According to 38 percent of respondents, New Orleans offers the most irresistible hometown specialties. Here's where to find some of the city's trademark foods.

Beignets Café du Monde may be mobbed with tourists, but locals still come here for the unbeatable beignets, those puffy squares of deep-fried dough heavily dusted with powdered sugar (800 Decatur St.; 504-525-4544).

Crayfish and Alligator Early settlers discovered the pleasures of eating these local critters. K-Paul's Louisiana Kitchen, although well past its '80s heyday, is still the best place to sample the two hometown staples. Try Prudhomme's crayfish étouffée and his fall special of alligator with sauce picante (416 Chartres St.; 504-524-7394).

Gumbo For a rich, steaming bowl of this thick soup--made with a base of dark brown roux and flavored with bell peppers, onions and celery--head to Gabrielle, which offers a variety of gumbos. The turkey gumbo (available as a special) is one of the best (3201 Esplanade Ave.; 504-948-6233).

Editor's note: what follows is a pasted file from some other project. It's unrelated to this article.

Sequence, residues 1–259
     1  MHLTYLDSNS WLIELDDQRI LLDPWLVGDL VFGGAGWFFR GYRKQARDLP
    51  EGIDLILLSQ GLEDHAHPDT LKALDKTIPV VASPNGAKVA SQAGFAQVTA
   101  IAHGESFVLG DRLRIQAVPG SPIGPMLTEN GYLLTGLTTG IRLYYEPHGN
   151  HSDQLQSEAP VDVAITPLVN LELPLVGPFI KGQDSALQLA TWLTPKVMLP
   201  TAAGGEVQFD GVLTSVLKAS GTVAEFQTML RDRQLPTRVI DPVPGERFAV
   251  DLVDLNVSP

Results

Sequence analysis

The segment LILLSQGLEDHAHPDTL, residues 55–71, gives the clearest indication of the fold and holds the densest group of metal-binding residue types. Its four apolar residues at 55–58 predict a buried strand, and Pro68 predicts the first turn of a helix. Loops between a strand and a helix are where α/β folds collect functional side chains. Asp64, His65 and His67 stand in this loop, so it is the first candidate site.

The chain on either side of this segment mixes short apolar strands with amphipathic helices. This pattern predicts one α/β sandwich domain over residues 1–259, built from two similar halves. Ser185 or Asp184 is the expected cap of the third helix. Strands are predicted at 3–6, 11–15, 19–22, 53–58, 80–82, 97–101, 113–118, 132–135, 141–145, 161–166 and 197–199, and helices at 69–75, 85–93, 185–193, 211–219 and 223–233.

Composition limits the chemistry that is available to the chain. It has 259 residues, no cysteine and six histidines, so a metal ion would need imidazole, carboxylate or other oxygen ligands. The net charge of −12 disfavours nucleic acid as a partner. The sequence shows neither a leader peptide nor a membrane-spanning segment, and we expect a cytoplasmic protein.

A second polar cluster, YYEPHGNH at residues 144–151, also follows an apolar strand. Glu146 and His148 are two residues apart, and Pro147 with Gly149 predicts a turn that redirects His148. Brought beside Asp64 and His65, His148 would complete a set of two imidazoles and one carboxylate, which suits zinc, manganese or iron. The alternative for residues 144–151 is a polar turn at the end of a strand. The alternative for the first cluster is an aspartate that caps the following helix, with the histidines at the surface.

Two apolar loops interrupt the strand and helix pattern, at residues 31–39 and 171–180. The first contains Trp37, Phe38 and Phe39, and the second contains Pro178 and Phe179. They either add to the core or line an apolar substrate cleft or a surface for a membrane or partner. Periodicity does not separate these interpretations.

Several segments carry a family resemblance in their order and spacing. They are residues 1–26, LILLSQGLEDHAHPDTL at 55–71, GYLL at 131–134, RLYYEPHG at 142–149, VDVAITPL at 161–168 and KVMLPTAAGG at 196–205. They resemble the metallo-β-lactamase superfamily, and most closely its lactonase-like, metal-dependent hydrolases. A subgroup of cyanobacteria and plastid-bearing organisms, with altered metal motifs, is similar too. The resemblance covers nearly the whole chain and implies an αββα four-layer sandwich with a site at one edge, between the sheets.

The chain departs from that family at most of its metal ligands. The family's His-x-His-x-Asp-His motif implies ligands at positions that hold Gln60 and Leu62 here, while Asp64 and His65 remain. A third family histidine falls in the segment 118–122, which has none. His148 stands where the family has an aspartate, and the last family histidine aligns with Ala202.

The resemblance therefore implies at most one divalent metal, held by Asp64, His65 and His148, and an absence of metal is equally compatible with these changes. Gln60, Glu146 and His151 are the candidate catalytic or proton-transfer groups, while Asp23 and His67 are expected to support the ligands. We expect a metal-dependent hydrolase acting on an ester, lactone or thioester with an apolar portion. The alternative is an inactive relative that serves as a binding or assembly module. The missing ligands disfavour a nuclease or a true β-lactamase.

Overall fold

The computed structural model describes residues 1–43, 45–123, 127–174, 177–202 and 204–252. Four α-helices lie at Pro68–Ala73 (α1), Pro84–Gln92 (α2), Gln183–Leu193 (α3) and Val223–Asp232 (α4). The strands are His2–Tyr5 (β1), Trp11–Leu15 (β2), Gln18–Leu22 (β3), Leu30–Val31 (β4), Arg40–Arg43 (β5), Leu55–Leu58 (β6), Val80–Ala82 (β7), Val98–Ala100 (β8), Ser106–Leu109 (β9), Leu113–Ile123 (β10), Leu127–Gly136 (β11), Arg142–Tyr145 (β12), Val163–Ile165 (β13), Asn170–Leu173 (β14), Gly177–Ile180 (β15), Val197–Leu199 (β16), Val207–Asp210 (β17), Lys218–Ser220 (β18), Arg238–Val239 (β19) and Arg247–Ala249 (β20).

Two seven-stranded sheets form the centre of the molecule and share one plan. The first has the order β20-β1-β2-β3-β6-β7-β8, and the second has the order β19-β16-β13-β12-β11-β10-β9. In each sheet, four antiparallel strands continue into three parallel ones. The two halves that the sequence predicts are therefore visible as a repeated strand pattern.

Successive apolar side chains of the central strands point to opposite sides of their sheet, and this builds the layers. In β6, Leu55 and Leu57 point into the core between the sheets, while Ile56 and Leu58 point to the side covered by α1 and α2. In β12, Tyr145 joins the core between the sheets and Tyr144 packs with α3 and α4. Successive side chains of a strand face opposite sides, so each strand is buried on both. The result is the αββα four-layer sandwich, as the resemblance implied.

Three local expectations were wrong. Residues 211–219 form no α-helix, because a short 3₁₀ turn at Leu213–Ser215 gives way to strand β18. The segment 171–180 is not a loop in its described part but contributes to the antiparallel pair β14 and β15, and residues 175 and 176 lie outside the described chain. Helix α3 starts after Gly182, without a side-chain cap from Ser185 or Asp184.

Muffuletta The basic ingredients for this sandwich are ham, salami, provolone or Swiss cheese and olive relish, served up on a massive semolina roll. (A whole muffuletta feeds two.) At Nor-Joe Importing Co., the outstanding muffulettas also include delicious extras like prosciutto and mortadella (505 Friscoe Ave., Metairie; 504-833-9240).

Po'boy New Orleans' signature sandwich is served on French bread and comes with a variety of stuffings, but the best are the meat po'boys--including a spectacular house-baked ham--at Mother's (401 Poydras St.; 504-523-9656).

Turtle Soup Turtle meat, once plentiful in the region, is now fairly scarce, so many restaurants stretch their recipes with veal. At Restaurant August, John Besh (an F&W Best New Chef 1999) uses only the real thing in his turtle soup (available as a special); the delicate flavor is enhanced by a broth made with sherry and veal stock (301 Tchoupitoulas St.; 504-299-9777).

--Malia Boyd